Staff

Dr. Audrey Becker

Becker, Audrey

Assistant Professor of English

Audrey Becker, Associate Professor of English, joined the faculty of Marygrove College in 2008 after teaching in the Great Books Program at the University of Michigan, Ann Arbor and at Bowling Green State University. Her teaching specialties include medieval and Renaissance literature, the history of the English language, Shakespeare, women writers in pre-modern Europe, and museum studies. Her research includes a focus on theories of adaptation of medieval and early modern texts, specifically adaptations the Mabinogi, a medieval Welsh text. Her co-edited book Welsh Mythology and Folklore in Popular Culture: Essays on Adaptations in Literature, Film, Television, and Digital Media was published by McFarland in 2011. Dr. Becker is actively involved in student travel and has led two Marygrove College study abroad programs in England.

 

Darcy L. Brandel

Brandel, Darcy L.

Associate Professor of English

Darcy Lee Brandel received her B.A. in English from Allegheny College in 1999, her M.A. in English from Syracuse University in 2001, and her Ph.D. in English from Case Western Reserve University in 2006. She is currently chair of the English and Modern Languages Department. In 2007, she led the charge to establish the first Women’s Center on campus and now serves on its advisory board. She also served as coordinator of the English graduate program from 2011-2013 and secretary of the Faculty Assembly from 2008-2012. Her fields of interest include literature by women, multi-ethnic literature, comparative women’s studies, critical theory, aesthetic theory, creative writing, Buddhism, and translation. She has published work on Gertrude Stein, Grace Paley, and other experimental women writers and, along with Chae-Pyong Song, translations of Korean Buddhist poetry. She is currently working on her first manuscript of poetry.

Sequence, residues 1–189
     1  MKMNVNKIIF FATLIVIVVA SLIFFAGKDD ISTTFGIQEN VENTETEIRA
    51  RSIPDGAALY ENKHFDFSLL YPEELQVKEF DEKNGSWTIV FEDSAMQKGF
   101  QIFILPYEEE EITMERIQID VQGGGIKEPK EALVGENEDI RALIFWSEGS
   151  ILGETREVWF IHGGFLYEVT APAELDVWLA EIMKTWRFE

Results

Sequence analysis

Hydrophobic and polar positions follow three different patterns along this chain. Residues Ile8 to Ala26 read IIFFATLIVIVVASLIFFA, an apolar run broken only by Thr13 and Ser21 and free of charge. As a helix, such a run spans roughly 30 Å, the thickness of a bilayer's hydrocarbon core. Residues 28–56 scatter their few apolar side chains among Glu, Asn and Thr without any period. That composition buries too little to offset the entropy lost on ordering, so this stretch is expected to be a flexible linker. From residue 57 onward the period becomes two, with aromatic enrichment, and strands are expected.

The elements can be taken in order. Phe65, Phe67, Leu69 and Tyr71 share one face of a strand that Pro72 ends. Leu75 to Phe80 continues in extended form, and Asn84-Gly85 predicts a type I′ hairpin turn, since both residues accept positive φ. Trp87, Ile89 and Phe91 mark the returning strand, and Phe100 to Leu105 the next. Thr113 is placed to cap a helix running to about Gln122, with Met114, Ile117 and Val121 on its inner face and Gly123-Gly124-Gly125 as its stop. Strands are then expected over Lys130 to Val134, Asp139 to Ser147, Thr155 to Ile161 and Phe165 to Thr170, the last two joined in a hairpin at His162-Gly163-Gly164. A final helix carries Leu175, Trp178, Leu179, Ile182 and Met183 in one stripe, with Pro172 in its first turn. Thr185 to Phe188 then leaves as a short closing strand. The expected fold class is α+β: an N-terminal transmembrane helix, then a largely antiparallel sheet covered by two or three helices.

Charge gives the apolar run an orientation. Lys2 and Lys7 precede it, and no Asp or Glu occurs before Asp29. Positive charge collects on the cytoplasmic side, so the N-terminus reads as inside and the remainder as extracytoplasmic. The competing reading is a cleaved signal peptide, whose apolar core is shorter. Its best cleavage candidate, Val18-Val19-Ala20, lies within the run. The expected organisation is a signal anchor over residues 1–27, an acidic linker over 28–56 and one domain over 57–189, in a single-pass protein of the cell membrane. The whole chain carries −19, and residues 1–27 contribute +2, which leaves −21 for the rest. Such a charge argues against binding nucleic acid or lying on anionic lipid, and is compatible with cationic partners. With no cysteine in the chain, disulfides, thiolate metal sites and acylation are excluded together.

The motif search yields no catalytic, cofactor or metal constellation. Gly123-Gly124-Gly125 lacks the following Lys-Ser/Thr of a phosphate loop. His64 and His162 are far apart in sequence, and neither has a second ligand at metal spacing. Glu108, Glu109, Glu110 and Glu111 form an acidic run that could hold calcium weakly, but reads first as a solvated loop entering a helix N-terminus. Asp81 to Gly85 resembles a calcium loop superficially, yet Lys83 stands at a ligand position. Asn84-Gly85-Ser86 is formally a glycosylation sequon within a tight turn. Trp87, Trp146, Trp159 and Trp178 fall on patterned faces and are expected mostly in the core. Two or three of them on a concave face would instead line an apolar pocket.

Engel, Steven

Engel, Steven

Assistant Professor

Steven Engel received his B.A. in English from the State University of New York at Geneseo in 1991, his M.A. in English at the State University of New York at Brockport in 1999, and his Ph.D. in English and Education from the University of Michigan in 2014. His research interests include ideological dilemmas in teachers’ talk about plagiarism and the issues of authorship, community, and ownership in the writing classroom. He taught high school English and drama for 14 years at Brighton High School in Rochester, New York. He was named a White House Commission on Presidential Scholars Distinguished Teacher, a New York State English Council Educator of Excellence, and a winner of the David and Linda Moscow Prize for Excellence in Teaching Composition.

 

Gupta, Nikhil

Gupta, Nikhil

Assistant Professor of English

Nikhil Gupta received his Ph.D. from Boston College and his M.A. and B.A. from the University of Notre Dame. His fields of interest include nationalism and empire in modern literature, narrative representations of geography and landscape, intertextuality, and the gothic. He has taught English courses on modern Irish writers, the modern British novel, transatlantic modernism, professionals in modern literature, the concealing and withholding of secrets through narrative, and representations of youth in literature. His current book project, “Rough Crossings: Transatlantic Revisions to Imperial Narratives,” looks at Irish and American authors who rewrite scenes of imperial domination from the other side of the Atlantic. He has contributed articles and reviews to Éire-IrelandWomen’s Studies: An Interdisciplinary Journal, New Hibernia Review, and Religion and the Arts

 

Kopack, Laurie LePain

Kopack, Laurie LePain

Administrative Assistant

Laurie LePain Kopack received her B.A. in English in 2005 and her M.A. in English in 2010 from Marygrove College. She is currently the administrative assistant for the English and Modern Languages Department, as well as the dean of professional studies and the departments of business, computer information systems, and human resource management. She is also adjunct instructor of English, teaching composition courses. She serves on the Marygrove Alumni Board of Directors as secretary, and on the Staff Advisory Committe as chair of the Employee Recognition Committee. Her research interests include Native American literature.